EU referendum: PM puts job security at heart of message

David Cameron Image copyright Reuters

A long shift is hard enough. No one wants to go home at the end of a long day worrying that their job might disappear.

But that was the message the prime minister sent Vauxhall car workers in Ellesmere Port home with tonight.

And it's the message that he wants you to hear too. He believes that if we as a country vote to leave the European Union, jobs will disappear and businesses might close. In fact, the shakiness it could provoke in the economy could mean it costs more to borrow and interest rates go up.

Grayling hits back

It is not exactly a happy combination of risks to mull over as you ponder your referendum decision. And it is furiously challenged by his opponents in this campaign, many of whom are of course in his own party.

Commons Leader Chris Grayling's counter claim was that the jobs at risk are jobs in Spain, France or other countries if we left the European Union and they then refused to trade with us.

But if it were ever in doubt, the security of your job will be absolutely core to the prime minister's campaign to keep the UK in the European Union.

And in his speech today, he also claimed - to their fury - that members of the Leave campaign believe those potential job losses and economic turmoil are a "price worth paying" to get out of the EU.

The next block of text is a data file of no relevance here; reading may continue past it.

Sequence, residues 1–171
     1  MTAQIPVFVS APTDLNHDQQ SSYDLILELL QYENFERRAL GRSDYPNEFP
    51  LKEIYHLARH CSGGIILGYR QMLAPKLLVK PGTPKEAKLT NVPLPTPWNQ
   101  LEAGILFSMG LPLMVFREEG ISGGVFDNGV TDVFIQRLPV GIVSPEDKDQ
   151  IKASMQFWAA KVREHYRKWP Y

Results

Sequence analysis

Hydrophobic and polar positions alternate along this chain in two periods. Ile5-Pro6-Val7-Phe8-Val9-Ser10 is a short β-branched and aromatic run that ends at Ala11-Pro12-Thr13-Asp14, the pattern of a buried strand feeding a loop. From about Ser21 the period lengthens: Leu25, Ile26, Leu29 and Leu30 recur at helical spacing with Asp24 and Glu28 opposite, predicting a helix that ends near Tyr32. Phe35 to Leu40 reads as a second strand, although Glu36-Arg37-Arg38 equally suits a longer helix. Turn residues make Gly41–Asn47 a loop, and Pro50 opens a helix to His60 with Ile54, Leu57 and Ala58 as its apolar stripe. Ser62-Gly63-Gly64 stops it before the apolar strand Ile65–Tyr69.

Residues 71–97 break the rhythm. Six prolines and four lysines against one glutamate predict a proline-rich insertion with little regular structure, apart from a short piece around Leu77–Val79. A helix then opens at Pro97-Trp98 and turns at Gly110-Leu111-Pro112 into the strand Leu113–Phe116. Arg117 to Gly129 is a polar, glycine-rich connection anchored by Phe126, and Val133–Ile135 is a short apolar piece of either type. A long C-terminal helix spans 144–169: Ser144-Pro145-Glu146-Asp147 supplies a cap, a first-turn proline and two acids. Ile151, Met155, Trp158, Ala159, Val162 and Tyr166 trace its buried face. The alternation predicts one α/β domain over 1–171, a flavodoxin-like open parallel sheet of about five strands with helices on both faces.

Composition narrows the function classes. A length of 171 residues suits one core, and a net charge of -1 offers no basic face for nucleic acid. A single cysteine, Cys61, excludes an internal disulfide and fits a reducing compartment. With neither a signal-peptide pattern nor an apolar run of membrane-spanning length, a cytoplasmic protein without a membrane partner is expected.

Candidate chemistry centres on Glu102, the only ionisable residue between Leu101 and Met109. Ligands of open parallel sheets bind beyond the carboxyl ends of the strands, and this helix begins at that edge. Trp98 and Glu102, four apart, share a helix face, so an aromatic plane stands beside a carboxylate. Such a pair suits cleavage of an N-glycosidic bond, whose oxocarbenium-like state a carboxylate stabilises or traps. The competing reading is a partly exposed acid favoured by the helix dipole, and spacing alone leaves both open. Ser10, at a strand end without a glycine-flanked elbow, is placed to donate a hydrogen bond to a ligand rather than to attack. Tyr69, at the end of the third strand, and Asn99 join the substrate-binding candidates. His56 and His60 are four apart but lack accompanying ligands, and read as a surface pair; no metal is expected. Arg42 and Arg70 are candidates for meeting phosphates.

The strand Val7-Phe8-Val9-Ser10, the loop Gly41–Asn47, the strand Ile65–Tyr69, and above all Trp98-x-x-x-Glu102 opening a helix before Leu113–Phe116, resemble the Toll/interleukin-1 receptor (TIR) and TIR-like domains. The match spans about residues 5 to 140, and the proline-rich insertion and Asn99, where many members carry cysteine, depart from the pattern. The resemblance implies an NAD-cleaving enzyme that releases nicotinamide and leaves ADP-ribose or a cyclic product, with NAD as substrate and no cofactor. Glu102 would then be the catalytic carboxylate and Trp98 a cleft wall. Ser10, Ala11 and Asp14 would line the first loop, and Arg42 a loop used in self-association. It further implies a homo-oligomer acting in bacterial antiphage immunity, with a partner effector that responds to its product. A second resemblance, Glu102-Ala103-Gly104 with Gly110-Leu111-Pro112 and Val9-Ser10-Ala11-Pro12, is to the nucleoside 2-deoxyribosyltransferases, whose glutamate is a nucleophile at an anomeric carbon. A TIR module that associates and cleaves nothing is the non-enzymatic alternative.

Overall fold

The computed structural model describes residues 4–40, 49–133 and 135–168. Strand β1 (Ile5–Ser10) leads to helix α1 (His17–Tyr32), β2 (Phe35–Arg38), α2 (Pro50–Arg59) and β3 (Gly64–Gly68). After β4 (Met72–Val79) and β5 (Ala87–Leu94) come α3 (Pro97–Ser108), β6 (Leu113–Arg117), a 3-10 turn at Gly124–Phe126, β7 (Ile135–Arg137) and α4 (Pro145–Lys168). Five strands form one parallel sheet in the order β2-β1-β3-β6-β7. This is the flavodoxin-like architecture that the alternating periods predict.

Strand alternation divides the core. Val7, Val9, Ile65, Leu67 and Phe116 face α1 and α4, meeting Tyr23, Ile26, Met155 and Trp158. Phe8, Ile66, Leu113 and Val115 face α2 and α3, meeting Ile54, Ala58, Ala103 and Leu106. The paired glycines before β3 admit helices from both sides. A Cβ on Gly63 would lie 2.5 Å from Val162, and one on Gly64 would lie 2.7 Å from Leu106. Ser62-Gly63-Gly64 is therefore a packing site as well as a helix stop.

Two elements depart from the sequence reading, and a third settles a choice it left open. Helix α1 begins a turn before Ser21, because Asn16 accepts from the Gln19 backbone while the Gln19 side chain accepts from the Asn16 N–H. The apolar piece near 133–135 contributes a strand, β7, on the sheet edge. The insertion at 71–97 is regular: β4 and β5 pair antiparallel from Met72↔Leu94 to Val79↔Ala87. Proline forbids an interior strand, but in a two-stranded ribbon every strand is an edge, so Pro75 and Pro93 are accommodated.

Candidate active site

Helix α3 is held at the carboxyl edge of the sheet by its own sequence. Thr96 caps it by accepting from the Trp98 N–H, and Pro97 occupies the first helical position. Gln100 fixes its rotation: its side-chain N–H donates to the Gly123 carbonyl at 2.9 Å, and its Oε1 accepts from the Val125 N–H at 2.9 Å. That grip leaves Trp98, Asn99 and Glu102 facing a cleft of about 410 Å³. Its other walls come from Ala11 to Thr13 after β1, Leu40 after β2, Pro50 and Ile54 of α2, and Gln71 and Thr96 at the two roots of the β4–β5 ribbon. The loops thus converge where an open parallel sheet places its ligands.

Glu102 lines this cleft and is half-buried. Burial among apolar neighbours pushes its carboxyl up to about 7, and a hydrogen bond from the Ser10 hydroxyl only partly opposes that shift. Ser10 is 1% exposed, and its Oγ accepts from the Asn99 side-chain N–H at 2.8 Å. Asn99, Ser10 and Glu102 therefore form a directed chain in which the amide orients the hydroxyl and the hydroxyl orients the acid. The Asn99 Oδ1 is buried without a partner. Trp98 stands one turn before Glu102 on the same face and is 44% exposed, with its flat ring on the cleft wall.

Central challenge

They argue in return that the risks to our economy are real from staying inside the European Union, even though we are not in the eurozone, because of the turmoil there.

Certainly, there was something unfortunate about today's timing - just as David Cameron was extolling the benefits of the single market, financial markets were churning, as a huge stimulus package from the European Central Bank failed to settle nerves.

The prime minister said this morning, the "biggest thing on the ballot paper" is the future of the economy.

Again, this comes down to the central challenge of this choice. The two sides will spit at each other on a daily basis, furiously disputing each other's version of events.

It is true that there are big unanswered questions about how the economy would change if we left the EU. It is true that there are serious warnings from senior figures like the Bank of England Governor, Mark Carney, on the possible risks.

Parallel universe

It is also true that the economy and businesses don't like it very much when politicians introduce a whiff of uncertainty.

What you have to decide between is staying in the EU, which is evolving, as it always has, and leaving - when those campaigning for exit can tell you how they would like the world to be, but can't guarantee it - there is no way they can, because it depends on hypothetical negotiations that would only take place if we voted Out.

It's a familiar, but changing situation - versus a parallel universe, on jobs and prosperity, and everything else.

PS: Both sides are already slicing and dicing the facts to their advantage. To help you get the reliable information you want, it is well worth a look at the BBC's Reality Check pages.

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